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In general, is it true that if I connect an aqueous oxidant to an aqueous reductant via a wire then a current flows along the wire? In particular, does current flow in the following scenario?

Imagine putting one end of a wire in hydrogen peroxide (a common oxidizer) and the other end inside water containing formic acid or pure carbon (reductants).

I understand that standard Energizer alkaline batteries are composed of separated $\ce{Zn}$ and $\ce{MnO2}$. Connecting the terminals allows electrons to flow from the $\ce{Zn}$ to the $\ce{MnO2}$, oxidizing/reducing them to $\ce{ZnO}$ and $\ce{MnOOH}$.

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is it true that if I connect an aqueous oxidant to an aqueous reductant via a wire, will a current flow along the wire? In particular, does current flow in the following scenario?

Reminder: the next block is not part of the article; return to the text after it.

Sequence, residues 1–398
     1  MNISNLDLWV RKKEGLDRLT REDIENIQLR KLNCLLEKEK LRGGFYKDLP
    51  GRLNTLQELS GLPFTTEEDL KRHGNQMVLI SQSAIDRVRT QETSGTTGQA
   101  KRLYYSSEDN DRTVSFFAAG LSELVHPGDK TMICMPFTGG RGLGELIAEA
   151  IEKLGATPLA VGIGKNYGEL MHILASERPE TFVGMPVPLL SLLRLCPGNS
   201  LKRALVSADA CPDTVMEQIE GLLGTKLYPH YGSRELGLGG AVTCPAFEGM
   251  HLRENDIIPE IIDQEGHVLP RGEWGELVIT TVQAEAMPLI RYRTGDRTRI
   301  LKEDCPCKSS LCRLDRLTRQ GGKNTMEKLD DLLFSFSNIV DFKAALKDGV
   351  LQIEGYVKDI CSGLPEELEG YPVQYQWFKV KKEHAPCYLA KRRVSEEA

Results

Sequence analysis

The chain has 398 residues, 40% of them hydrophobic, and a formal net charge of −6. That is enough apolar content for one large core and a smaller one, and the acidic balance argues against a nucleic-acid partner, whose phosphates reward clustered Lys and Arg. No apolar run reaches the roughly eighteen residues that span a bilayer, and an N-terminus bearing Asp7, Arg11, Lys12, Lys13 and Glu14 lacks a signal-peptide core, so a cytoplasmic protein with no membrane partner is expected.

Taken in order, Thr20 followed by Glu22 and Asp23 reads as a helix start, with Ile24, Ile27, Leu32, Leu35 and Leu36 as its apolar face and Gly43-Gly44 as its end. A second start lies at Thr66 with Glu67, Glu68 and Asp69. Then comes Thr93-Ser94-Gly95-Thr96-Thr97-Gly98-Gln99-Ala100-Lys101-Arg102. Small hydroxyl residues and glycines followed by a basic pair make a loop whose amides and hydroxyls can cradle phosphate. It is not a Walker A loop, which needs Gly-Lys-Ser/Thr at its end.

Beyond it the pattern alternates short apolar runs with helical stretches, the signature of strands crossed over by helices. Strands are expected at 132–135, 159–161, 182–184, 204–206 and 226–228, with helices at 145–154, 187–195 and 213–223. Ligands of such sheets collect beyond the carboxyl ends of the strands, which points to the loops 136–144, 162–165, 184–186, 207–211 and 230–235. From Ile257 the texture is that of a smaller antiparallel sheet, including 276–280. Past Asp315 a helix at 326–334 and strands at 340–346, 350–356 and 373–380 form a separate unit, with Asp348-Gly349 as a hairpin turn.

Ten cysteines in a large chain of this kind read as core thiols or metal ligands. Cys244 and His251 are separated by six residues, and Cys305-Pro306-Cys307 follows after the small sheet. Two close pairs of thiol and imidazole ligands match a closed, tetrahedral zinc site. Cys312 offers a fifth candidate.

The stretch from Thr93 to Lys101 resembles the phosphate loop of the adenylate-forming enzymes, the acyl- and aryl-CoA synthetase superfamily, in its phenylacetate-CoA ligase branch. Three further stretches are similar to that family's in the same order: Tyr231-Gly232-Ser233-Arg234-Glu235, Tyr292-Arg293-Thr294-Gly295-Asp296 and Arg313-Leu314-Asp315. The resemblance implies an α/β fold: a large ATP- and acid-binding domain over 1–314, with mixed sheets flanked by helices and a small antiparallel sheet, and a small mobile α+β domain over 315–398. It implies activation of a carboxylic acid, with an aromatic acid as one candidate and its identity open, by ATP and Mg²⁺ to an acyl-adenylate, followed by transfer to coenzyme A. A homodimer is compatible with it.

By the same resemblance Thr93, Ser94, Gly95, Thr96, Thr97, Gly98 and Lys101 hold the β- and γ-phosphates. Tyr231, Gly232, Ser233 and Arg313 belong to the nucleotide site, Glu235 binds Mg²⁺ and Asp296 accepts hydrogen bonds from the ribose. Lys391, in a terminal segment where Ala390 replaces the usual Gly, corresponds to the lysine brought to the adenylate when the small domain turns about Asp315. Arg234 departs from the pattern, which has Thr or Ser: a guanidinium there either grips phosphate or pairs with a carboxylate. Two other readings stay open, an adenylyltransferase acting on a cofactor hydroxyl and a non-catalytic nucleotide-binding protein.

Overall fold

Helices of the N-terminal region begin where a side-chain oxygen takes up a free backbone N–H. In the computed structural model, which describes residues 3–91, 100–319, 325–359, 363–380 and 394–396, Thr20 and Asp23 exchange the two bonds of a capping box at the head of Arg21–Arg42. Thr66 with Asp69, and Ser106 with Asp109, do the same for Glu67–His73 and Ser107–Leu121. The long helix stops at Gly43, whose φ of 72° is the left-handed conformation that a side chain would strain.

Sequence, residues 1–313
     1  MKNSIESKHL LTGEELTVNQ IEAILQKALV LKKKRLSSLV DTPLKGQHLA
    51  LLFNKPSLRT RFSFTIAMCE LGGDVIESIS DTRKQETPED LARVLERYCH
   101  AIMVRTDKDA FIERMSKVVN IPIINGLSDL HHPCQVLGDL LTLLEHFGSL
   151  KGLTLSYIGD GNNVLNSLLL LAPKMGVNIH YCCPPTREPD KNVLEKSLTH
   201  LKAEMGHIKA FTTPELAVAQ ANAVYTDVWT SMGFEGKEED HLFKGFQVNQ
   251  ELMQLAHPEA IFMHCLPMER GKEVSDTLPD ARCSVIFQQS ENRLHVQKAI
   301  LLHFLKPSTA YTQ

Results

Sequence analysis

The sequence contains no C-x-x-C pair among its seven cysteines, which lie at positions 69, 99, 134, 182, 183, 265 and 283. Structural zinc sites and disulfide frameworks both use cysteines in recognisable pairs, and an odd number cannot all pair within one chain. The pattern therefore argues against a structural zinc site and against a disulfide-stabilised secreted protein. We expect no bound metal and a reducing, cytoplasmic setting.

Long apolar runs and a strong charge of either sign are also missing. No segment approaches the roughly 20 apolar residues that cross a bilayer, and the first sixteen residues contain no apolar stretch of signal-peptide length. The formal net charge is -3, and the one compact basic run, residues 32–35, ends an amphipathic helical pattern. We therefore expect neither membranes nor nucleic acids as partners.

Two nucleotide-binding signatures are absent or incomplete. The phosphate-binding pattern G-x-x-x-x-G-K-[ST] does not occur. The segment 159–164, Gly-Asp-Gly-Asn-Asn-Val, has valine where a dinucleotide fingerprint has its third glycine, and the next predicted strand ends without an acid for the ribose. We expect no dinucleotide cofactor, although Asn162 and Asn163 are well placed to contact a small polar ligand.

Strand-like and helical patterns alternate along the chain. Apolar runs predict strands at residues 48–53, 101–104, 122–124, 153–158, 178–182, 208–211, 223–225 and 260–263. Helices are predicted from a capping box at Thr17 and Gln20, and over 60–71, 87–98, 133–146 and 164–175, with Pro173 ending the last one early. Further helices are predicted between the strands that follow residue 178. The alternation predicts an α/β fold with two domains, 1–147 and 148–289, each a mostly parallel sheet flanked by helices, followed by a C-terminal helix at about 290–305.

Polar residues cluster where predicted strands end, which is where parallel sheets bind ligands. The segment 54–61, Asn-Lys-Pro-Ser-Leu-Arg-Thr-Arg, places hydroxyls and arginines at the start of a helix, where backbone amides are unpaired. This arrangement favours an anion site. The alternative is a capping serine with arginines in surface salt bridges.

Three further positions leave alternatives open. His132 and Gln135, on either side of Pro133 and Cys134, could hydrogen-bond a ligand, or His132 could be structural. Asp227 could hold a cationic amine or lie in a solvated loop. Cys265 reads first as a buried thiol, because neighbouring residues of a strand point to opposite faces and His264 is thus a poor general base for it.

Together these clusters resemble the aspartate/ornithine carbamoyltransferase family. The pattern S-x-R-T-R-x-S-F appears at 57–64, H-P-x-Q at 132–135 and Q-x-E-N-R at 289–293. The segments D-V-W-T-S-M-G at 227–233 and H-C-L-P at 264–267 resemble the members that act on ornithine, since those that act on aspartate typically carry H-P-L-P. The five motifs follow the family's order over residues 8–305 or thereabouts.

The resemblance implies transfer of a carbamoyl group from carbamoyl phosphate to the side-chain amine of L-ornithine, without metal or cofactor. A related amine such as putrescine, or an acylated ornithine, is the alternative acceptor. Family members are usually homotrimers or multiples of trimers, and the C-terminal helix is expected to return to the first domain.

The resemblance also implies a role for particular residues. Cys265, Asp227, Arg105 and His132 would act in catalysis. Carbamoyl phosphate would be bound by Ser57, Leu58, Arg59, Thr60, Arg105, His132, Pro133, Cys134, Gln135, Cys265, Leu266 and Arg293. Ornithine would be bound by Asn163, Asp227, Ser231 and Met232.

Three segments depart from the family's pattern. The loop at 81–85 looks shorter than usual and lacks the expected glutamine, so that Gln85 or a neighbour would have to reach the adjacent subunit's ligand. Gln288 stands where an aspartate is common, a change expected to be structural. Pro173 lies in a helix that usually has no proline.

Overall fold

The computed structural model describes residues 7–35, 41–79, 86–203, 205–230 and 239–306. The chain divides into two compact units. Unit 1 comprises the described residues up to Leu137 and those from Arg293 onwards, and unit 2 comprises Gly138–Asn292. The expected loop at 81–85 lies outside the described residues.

No true. Nothing will happen as the circuit is incomplete. The oxidant or the reductant species have to see each other "face to face". Guess what is the most powerful reducing and oxidizing agent in the world? It is the cathode or the anode respectively. Consider an electrolytic cell which is calm and unstirred. The anode and the cathode are dipping in the solution. The moment you turn on the current, only the species which is next to the electrode gets oxidized or reduced. Nothing happens to the bulk right away, so physical promixity is important in electrochemistry.

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